When I am planning my vacation, I always like to know what days are public holidays in the Netherlands. A vacation during the peak season means higher prices, crowded places, but it also ensures me that all museums and sights are open. A bonus is that some museums, like Anne Frank House and Van Gogh Museum are open until late in the evening, meaning shorter queues in front of the ticket office. On the downside hotels and flights are more expensive. The peak season is from end of June to early September. This is also the time that Dutch weather is at its best. On the other hand, if you want to avoid the crowded theme parks, packed beaches and congested roads, off peak travel is best for you.
Why Vacation during Public Holidays in the Netherlands
My advice is to come to the Netherlands during public holidays in April and May for two good reasons. On 30 April, Amsterdam and also the rest the Netherlands celebrate Queen Beatrix’s Birthday, a day when the whole country colors orange. There is a whole gamut of outdoor festivities throughout the country. The end of April heralds the opening of Keukenhof Flower Garden. The gardens are ablaze with color. Red, yellow and pink tulips in all sizes and shapes are the attention grabbers and are at their best during the public holiday period in spring.
Public Holidays in the Netherlands in 2018
1 January: New Year’s Day. Banks, shops and public services are closed.
22 April: Good Friday, Fridays before Easter. Banks, schools and public services are closed. Shops are open, but may close early.
24 and 25 April: Easter. Banks, public services and most shops are closed on Easter Sunday. Shopping malls, usually the ones outside city centers are open on Easter Monday.
30 April (29 April if 30 April is a Sunday): Queen’s Day, the official birthday of Queen Beatrix. Banks and public services are closed. Shops are open. This is the day Queen Beatrix celebrates her birthday together with all the Dutch people. Her real birthday is 31 January. On 30 April city centers turn into open air flea markets because anyone can sell anything without a license.
2 June: Ascension Day (40 days after Easter). Banks, public services and shops are closed. Many people also have the Friday off. This weekend is not the best time to spend in the Netherlands, because roads, city centers and the beach are packed.
12 and 13 June: Whitsun (also known as Pentecost, 7 weeks after Easter). Banks, public services and most shops are closed on Whit Sunday. Shopping malls, usually the ones outside city centers are open on Whit Monday.
25 and 26 December: Christmas. Banks, public services and shops are closed on Christmas Day. Shopping malls, usually the ones outside city centers may be open on Boxing Day.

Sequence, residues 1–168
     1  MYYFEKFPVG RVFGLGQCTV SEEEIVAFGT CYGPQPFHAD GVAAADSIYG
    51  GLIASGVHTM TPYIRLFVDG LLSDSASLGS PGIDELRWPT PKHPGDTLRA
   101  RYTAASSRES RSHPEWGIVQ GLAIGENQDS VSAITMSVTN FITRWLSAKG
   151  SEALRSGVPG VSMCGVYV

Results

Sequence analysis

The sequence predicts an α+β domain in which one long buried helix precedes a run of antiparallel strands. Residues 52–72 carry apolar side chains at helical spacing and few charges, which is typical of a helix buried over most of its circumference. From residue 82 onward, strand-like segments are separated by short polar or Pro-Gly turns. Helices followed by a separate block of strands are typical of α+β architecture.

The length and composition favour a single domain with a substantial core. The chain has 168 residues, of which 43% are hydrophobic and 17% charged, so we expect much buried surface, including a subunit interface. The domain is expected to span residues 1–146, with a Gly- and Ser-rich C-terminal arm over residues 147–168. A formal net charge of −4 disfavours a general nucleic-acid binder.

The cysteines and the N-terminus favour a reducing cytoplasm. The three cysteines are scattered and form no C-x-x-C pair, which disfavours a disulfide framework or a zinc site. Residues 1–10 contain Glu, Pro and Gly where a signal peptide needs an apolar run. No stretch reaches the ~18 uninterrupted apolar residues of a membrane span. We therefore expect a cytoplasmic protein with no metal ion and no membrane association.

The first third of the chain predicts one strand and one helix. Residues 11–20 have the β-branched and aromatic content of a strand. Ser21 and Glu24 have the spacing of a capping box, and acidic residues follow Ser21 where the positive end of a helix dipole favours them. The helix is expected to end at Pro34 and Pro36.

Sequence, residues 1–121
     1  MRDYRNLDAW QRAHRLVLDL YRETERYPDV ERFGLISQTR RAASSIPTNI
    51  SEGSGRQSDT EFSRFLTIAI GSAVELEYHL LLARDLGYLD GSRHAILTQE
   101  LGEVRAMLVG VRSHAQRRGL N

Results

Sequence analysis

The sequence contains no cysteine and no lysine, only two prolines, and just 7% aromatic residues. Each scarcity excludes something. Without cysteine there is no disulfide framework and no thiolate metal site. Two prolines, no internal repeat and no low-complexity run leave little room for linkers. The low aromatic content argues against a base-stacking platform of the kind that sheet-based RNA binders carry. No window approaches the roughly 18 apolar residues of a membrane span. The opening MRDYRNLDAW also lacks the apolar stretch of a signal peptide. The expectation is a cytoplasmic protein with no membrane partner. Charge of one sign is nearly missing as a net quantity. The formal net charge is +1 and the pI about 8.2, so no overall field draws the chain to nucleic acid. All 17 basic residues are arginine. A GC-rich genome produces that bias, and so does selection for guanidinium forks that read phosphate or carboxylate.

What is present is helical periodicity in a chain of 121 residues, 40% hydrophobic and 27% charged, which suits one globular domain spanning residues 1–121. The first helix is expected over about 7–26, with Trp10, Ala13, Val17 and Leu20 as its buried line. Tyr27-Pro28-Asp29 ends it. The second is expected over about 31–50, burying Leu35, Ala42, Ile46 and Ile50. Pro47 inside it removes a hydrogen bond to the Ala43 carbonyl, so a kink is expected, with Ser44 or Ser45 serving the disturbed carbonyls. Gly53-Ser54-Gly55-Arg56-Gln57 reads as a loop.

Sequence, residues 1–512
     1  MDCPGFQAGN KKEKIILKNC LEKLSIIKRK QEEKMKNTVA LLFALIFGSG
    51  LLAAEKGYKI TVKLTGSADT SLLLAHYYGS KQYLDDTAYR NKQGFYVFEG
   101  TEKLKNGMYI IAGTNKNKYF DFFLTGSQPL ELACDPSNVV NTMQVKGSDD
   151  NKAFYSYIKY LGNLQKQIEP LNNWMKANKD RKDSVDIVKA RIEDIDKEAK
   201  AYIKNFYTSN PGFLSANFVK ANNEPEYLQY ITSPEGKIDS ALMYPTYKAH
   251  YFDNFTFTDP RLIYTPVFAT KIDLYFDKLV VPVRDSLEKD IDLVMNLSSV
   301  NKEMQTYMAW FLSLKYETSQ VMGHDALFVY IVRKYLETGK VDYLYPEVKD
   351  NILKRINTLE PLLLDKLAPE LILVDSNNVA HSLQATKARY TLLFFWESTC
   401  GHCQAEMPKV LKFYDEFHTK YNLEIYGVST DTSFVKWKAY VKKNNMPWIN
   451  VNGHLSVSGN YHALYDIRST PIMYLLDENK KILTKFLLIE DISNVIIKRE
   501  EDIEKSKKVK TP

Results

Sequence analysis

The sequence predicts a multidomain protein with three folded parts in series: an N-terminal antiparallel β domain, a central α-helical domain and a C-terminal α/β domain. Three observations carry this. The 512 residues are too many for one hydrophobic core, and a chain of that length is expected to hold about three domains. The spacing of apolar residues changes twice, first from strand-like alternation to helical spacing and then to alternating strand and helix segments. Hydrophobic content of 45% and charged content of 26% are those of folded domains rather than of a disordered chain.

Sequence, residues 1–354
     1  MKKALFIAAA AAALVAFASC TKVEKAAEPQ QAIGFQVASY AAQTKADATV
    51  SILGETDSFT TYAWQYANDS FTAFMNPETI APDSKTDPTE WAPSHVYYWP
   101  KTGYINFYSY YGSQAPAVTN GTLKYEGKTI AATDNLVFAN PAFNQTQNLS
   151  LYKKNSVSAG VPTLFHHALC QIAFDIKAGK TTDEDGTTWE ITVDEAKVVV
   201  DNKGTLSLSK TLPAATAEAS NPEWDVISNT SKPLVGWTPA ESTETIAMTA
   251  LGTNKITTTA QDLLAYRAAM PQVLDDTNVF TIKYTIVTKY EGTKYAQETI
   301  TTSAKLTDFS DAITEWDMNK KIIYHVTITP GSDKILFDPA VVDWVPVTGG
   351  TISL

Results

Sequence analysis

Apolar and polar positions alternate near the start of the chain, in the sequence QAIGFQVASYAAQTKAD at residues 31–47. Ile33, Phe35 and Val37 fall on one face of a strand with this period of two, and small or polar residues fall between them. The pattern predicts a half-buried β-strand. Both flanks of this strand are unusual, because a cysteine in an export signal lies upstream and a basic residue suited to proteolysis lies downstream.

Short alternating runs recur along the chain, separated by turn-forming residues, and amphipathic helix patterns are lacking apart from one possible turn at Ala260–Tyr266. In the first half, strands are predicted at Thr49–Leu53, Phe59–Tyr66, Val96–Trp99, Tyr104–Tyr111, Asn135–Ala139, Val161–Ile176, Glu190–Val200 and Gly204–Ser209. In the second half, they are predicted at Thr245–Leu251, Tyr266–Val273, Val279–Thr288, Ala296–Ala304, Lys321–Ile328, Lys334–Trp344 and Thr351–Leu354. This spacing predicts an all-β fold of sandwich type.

31 December: New Year’s Eve. Banks, public services and shops close early, from 4pm.
Compensation for Public Holidays
When 25 and 26 December fall on a Saturday and Sunday, Dutch workers have bad luck. No compensation is given by ways of days off on Monday and Tuesday.
School Holidays in the Netherlands in 2018
- Spring holiday: 19 – 27 February
- May holiday: 30 April – 8 May
- Summer holidays: 2 July – 4 September
- Autumn holidays: 15 – 30 October
- Christmas holidays: 24 December – 8 January 2019
The dates of school holidays in the Netherlands depend on the region where you are vacationing. There are different dates for northern, center and southern regions.
- Northern region: the provinces of Friesland, Groningen Drenthe, Overijssel, Noord-Holland and Flevoland
- Center Region: the provinces of Gelderland, Utrecht and Zuid-Holland
- Southern Region: the provinces of Limburg, Noord Brabant and the City of Rotterdam
- Schedule for 2018 Summer School Holidays
- 23 July – 4 September – Northern region
- 2 July – 14 August – central region
- 9 July – 21 August – southern region
Days to Remember in 2018
Many of the following days are celebrated globally but some are typical of the Netherlands. These days are not official public holidays but may help you plan your vacation.
14 February, Valentine Day. Chocolate hearts and flowers cram the shops. The first tulips and hyacinths appear in the shops.
6 – 8 March, Carnival. Celebrations are not as exuberant as in Brazil. Carnival in the Netherlands is mainly celebrated in the provinces of Noord-Brabant and Limburg. Many offices, public services and bank in the southern provinces are closed on Monday and Tuesday. The best carnival parades are in Maastricht, Eindhoven and ‘s-Hertogenbosch.
27 March, The Netherlands change over to summer time and put clocks one hour forward at 2 am
4 May at 8 pm, Remembrance Day. Wreath-laying ceremony at the National Monument on Dam Square in Amsterdam in commemoration of the victims of WW II. The ceremony is followed by two minutes silence at 8 pm
5 May, Liberation Day. Celebrations in commemoration of the liberation from Nazi occupation in 1945.
8 May, Mother’s Day. Flowers, mother’s day brunches, mother’s day concert and other events everywhere.
19 June, Father’s Day. Same as mother’s day but fewer flowers.
20 September, Prinsjesdag. Opening of Parliament. Queen Beatrix will announce the government policy for the next parliamentary session. Royalty spotters gather in the Hague to catch a glimpse of the Queen during the riding tour or at the balcony of Palais at Noordeinde.
4 October, Pets Day. Shops are filled with goodies for pets.
30 October, The Netherlands change over to winter time and put their clocks one hour forward at 2 pm.
5 December, Sinterklaas. Dutch answer to Father Christmas, the day when children get presents, but their fathers and mothers don’ t have a day. Sinterklaas is not a public holiday
Amsterdam and the Netherlands is a great destination, whether you come for a day, a week or a month. The list of official public holidays in the Netherlands helps you to decide when or when not to come to Amsterdam and the Netherlands.